Monthly Archives: March, 2006


So, has anyone else noticed, over at Sluggy, that Bun-bun seems to have mellowed out a bunch since his return? I mean, as if he… say… actually misses nerd boy and crew?

Well, I suppose 2 or 3 strips is too few to really draw any conclusions yet.

Still. I’m liking it.

Oh, I’m eager to see what’s up with Torg, and some resolution to all the loose threads of Oasis and Zoe and Aylee and whatever. But that will come in time, I’m sure.

For now, I definitely feel Abrams is getting his groove back. And if I might actually have reason to not entirely hate Bun-bun… well that will be something special in its own right.

What the future may bring: Modern Tales

I’ve been a subscriber of Modern Tales (and Graphic Smash, and Girlamatic) for about a year and a half now.

As such, it is with quite a bit of eagerness that I look forward to the upcoming changes in the pipeline. I am not entirely sure when those changes are coming, but they’ve been in the works for a few months now.

Part of the change is that the comics will no longer be subscription based. Or at least, mostly so – the announcement indicates that some subscription aspects will remain. Hmm. We’ll see how it goes.

So, obviously, as a paying subscriber, that’s good news to me – but that’s not really the part of the changes I anticipate.

Eric Burns is the new editor of Modern Tales. That’s obviously a big thing. He has done a lot for the field, has a lot of good outlooks on the way things should work, and will no doubt do a lot of good things in the position.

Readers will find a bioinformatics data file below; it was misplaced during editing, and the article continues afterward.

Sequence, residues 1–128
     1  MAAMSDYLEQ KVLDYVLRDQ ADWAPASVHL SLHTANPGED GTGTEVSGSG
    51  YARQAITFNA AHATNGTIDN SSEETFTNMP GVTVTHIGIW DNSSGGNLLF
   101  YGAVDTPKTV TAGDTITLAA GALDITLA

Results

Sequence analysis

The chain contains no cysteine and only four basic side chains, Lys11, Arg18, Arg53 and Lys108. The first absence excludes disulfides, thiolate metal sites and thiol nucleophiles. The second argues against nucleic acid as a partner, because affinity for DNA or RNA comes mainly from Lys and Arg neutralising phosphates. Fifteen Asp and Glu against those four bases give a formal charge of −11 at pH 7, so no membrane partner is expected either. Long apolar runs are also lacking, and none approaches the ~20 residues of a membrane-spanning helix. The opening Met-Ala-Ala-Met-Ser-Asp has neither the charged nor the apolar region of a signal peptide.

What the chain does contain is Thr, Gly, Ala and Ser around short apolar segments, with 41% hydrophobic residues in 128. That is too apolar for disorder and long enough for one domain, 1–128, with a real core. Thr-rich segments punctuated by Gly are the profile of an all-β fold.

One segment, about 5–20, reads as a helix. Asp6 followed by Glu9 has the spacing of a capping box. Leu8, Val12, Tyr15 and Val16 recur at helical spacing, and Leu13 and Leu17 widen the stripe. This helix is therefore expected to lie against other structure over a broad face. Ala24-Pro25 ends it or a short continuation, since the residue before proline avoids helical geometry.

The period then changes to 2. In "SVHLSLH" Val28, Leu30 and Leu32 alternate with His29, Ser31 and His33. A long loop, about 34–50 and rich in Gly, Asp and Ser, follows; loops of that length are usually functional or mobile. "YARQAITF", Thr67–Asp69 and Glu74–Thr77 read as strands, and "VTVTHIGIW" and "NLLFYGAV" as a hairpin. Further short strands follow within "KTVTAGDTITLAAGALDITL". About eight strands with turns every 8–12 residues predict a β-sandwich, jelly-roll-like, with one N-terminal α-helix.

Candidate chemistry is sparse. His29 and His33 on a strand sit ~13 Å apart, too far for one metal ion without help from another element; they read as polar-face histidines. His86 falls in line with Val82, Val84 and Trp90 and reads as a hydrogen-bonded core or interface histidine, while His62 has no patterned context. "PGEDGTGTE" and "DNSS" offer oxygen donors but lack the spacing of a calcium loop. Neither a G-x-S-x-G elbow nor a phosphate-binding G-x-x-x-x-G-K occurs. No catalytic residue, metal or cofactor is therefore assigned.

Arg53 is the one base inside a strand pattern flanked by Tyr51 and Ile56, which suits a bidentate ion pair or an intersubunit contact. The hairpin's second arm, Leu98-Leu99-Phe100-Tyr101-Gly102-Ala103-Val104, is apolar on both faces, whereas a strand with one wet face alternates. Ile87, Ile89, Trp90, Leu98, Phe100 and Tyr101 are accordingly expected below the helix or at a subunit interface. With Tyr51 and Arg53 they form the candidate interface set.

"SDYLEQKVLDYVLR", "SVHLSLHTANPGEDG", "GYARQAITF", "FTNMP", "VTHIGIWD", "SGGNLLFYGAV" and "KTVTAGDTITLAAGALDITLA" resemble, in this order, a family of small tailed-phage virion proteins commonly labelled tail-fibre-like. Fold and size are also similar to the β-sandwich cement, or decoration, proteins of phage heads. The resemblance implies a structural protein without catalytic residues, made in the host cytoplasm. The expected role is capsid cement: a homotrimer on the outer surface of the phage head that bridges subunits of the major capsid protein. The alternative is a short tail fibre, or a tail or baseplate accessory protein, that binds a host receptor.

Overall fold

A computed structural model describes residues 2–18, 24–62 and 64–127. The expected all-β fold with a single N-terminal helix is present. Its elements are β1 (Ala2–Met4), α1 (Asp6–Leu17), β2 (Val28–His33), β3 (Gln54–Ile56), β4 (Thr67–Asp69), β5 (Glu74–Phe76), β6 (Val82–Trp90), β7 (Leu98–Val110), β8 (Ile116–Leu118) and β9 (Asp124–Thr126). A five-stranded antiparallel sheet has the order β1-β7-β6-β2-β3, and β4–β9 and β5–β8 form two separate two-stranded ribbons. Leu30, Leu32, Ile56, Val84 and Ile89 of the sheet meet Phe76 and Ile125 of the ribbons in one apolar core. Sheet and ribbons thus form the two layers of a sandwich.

But again… not directly what I care about.

All I truly have, deep inside, is a small, tiny little hope that maybe Modern Tales will finally have an infrastructure that doesn’t totally suck balls.

Ok, that was a bit harsh, towards a system that features a lot of comics I know and love. But I stand by the statement anyway.

A year and a half of subscription to Modern Tales is not a vast amount of time. The total cost for that much subscription time is, say, around $150 bucks. Not a ridiculous sum of money.

Nonetheless, looking back upon my experience with them, I’d say that I’ve spent much of that time disappointed with the service.

I joined Modern Tales for one reason – Narbonic.
I joined Graphic Smash for one reason – Fans.
I joined Girlamatic for one reason – Li’l Mell.

Since joining, sure, I found other comics in the system to enjoy. But in each case, it was one single strip that pulled me in – two of them being strips I had read for years previously, while the last one was obviously something of an offshoot from one of them.